Fortunately, the majority of those who spoke today comported themselves with dignity. Mrs Patricia Donahue, who has maintained the high road throughout the trial and who perhaps suffered the most by Whitey’s actions utilized her time on the stand properly telling us of her husband, Michael Donahue, “I want him to be remembered for the wonderful man he was. He was the soul of our family … gone in the blink of an eye.”
Tom Angeli spoke of his father and the harm Whitey did to his family; Marie Mahoney of the suffering she incurred by Whitey’s actions; Billy O’Brien of how it felt to grow up without a father.
Theresa Barret Bond, Kathleen Connors, Timothy Connors and Meredith Rakes likewise demonstrated courage and decorum in their addresses to the court explaining their loss and the horror of it.
In all 12 people spoke about the sufferings incurred by them as a result of 9 murders Whitey committed or was alleged to have committed. Of the other 10, the families of those victims choose not to speak. Well it was for the latter, for all who spoke ended up being further hurt by Whitey’s refusal to face them and his stone silence except for the word “no” when asked to speak. He then slunk out of court to await his sentencing tomorrow. No apology, no regrets, the audacity to indicate that he was the victim.
As you know I have no fond feelings for Whitey. I do for what I perceive as the American system of justice where I earned my living. But reading of some of the tawdry happenings in the courtroom of Judge Casper today I feel like I can only repeat the phrase uttered by Attorney Joseph N. Welch and ask of some of those participating in today’s debasement of the justice system, especially those in positions of responsibility: “Have you no sense of decency sir, at long last? Have you left no sense of decency?”
What was the purpose of letting some people hide behind the protection of the court and utter epithets at Bulger? It may make them feel better but is that what our system of justice is about. I find nowhere in the penalties established for a criminal act that a person must sit and have people yell at and insult him. Is the next step to give victims and the families some stones to throw?
Is this a sign of an advancing civilized nation or one that is slipping back to the days of yore when the belief was “an eye for an eye, a tooth for a tooth?” What has happened to our country when a man manacled by surrounding police is forced to listen to people toss vile names at him? Where in the common law is that practice found? Why does it remind me so much of a person in old England or revolutionary France being moved to the gallows or guillotine in a tumbrel past angry crowds? Are our courts now to become forums for tossing vile epithets; or coliseums for parading a tethered POOF before an angry crowd?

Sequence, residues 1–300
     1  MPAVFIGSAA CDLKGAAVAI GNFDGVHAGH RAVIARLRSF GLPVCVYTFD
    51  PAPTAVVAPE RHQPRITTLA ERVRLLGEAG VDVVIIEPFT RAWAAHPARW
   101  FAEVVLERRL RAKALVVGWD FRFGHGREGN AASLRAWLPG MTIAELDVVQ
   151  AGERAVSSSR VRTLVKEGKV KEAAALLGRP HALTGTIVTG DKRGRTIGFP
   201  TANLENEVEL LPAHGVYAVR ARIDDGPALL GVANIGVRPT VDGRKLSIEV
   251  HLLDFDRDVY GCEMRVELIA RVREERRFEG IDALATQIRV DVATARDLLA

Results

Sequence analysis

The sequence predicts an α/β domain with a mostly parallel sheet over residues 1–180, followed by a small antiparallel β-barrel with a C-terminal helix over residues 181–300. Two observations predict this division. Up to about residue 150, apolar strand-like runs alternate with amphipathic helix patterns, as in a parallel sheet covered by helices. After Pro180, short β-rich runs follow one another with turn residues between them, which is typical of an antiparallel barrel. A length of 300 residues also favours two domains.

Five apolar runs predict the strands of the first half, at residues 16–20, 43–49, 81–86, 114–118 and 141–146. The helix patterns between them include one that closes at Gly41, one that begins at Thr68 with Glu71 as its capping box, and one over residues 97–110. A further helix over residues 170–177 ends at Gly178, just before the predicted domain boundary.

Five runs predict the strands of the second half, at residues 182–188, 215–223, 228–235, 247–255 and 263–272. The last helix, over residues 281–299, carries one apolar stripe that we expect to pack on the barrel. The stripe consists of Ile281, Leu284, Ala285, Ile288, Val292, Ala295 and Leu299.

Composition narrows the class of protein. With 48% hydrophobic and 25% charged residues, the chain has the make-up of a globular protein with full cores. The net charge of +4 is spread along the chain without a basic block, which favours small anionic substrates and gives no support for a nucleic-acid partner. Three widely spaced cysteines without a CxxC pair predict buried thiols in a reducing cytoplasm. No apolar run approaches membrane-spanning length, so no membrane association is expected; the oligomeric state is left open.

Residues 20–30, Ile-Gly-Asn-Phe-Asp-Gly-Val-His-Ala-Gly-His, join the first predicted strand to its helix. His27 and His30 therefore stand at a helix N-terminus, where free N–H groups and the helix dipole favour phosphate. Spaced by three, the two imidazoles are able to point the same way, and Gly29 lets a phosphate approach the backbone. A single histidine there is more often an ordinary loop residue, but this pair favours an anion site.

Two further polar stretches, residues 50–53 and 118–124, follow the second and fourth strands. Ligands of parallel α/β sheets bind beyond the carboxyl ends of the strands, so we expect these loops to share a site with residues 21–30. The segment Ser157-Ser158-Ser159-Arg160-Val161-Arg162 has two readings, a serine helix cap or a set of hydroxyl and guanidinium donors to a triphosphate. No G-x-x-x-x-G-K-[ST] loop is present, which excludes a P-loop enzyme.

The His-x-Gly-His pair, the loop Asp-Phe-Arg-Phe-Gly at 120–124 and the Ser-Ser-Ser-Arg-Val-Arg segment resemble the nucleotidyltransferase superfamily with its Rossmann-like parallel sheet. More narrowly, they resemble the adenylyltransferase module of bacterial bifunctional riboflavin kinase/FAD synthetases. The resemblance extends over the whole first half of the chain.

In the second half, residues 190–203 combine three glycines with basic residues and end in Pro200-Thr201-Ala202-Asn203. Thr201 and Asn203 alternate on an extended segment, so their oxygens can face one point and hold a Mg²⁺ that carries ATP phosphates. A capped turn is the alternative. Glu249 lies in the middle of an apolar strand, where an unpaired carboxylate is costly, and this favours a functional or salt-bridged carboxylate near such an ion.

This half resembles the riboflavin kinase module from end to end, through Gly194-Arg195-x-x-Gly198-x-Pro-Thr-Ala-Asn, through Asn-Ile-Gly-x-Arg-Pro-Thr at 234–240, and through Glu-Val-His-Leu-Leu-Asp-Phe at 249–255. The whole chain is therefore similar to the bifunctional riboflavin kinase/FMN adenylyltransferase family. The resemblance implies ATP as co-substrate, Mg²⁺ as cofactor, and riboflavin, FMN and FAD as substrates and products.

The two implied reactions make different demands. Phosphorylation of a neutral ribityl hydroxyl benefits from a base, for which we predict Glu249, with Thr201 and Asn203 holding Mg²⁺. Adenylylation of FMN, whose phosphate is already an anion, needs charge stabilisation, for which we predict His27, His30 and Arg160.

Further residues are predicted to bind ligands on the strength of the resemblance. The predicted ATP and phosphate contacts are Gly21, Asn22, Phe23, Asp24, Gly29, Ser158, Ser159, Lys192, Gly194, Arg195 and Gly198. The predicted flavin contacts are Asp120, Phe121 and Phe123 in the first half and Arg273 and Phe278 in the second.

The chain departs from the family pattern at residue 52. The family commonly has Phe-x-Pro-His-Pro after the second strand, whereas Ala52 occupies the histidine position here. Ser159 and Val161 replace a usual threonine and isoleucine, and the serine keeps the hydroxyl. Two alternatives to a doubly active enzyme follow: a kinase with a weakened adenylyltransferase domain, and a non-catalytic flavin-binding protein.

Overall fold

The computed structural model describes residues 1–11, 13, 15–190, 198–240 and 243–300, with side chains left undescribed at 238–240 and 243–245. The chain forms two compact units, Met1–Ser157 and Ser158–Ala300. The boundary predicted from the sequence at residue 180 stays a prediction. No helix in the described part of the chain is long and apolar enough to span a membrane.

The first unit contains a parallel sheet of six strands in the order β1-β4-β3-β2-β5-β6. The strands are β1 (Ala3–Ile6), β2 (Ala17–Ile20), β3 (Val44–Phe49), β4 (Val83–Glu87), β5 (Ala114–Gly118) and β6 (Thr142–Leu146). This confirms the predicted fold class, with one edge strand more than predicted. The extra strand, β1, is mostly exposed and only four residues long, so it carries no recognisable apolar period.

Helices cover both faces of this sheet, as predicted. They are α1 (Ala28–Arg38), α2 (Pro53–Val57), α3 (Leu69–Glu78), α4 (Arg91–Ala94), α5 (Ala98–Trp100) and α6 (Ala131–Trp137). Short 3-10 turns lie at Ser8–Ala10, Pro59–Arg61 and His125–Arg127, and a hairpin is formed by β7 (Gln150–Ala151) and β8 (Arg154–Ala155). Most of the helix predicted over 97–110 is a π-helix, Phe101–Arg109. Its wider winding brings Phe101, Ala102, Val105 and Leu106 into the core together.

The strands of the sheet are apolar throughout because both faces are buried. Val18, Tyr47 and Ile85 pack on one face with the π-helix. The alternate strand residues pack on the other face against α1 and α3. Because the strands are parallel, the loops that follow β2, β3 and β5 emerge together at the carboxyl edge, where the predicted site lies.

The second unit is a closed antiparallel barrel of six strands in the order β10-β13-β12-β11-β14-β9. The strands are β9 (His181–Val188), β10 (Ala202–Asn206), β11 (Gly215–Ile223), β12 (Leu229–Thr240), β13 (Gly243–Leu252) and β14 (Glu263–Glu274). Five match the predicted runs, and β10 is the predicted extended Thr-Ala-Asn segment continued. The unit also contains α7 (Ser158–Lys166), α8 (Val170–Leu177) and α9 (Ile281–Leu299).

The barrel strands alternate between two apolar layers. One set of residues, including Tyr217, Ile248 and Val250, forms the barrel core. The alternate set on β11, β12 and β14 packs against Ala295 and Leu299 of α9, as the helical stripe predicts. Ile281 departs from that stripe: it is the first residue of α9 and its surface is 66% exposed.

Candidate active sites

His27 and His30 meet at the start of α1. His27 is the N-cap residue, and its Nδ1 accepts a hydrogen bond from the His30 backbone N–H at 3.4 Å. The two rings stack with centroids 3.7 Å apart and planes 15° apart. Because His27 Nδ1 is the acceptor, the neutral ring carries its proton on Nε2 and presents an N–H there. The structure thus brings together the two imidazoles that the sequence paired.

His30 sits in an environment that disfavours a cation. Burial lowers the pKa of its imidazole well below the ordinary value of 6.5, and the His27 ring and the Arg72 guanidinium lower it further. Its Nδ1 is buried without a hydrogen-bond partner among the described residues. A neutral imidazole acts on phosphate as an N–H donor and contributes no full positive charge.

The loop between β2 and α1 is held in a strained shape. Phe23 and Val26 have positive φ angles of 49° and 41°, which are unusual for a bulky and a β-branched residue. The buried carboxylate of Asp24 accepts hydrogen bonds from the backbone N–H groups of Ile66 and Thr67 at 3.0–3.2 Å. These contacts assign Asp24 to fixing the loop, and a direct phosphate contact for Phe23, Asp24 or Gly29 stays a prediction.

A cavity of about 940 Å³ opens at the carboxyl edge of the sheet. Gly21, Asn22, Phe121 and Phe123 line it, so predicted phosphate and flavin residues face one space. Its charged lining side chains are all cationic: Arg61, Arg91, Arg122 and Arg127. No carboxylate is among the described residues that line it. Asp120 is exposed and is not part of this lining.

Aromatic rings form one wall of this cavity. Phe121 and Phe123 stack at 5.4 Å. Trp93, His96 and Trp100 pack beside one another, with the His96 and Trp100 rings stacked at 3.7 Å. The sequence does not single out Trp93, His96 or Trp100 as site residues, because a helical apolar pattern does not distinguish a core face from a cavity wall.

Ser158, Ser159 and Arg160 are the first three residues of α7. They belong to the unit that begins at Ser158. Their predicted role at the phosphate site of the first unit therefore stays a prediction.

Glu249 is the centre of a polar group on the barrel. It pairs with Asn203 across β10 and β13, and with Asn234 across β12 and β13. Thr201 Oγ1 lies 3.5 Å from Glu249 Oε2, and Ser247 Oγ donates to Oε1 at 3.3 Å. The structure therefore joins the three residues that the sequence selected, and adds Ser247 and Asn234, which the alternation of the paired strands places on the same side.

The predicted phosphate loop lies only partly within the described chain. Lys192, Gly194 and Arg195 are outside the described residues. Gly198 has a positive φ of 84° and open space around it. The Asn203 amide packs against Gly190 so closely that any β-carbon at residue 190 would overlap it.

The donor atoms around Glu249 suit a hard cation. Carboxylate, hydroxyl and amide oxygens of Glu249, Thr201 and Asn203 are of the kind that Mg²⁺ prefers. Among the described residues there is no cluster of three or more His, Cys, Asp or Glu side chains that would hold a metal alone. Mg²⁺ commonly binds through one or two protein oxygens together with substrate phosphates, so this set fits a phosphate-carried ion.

Do we gain honor by lowering ourselves to the level of the criminal by wallowing in his milieu? Where is the justification for giving people free rein to make some of the statements that I have read which were uttered. (Similar statements were also uttered at sentencing of Catherine Greig who never committed an act of violence in her life.) Ask yourself whether the court has not harmed itself and our system when it allows statements such as these:
David Wheeler: “You were a punk. . . . You’re a bag of jailhouse rags waiting to be stored on cold steel.”
Sean McGonagle, stating he is “Satan,” a “domestic terrorist” and a “sad, lonely and irrelevant old man.”
Patrick Callahan calling him a “coward.”
Is this what we want to show as the face of justice? Commit the crime, do the time but not before we give people the chance to insult you to your face (or in this case your back).
To compound this trumpery four of the people who were allowed to speak did so without right; the jury having been unable to conclude Whitey played a role in the death of their relative. Is this a sign of a too cozy relationship between court and prosecutor when an allegation even though unproven gives rights to people to appear as an aggrieved party? What does that tell the jurors who spent days deeply considering the matter and finding the evidence insufficient who then see the judge implicitly stating that they were wrong.
The problem is that the federals believe Whitey is such a bad person that they would bring down the justice system in order to show their disdain for him.
J.W. Carney said afterward that Whitey considered the trial “a sham.” He said Whitey didn’t want to face those who testified because that would validate the trial. As any of you know who have followed this blog the trial was far from a sham. Whitey was given the best defense and as fair of a trial as any person could expect, if not more so. After all he got skillful counsel appointed to represent him whereas most others are thrown onto the backs of the busy public counsel. Whitey’s trial may not have been perfect but few have ever received a such a trial and from my point of view fair is just about right for a guy like Whitey.
The Merriam Webster dictionary defines sham as: “something that is not what it appears to be and that is meant to trick or deceive people.” Who better fits that description than Whitey. Mendacious people made him into something he never was and he believed the lies they told about him. He was never more than a run of the mill hoodlum who like his associates found no difficulty in murdering and threatening others. He became notorious not for what he was but because the FBI opened its arms to him and kept him safe and malignant willful people wrongfully tied his honorable brother into his criminal activities.
The truth is still to be told in this matter. Over 30 books have been written about Whitey but most have failed to deal with the real issues. One is left to wonder why so many books and such a failure.
Tomorrow we can bid Whitey a less than fond adieu. The show is over. Time to pack up and go home.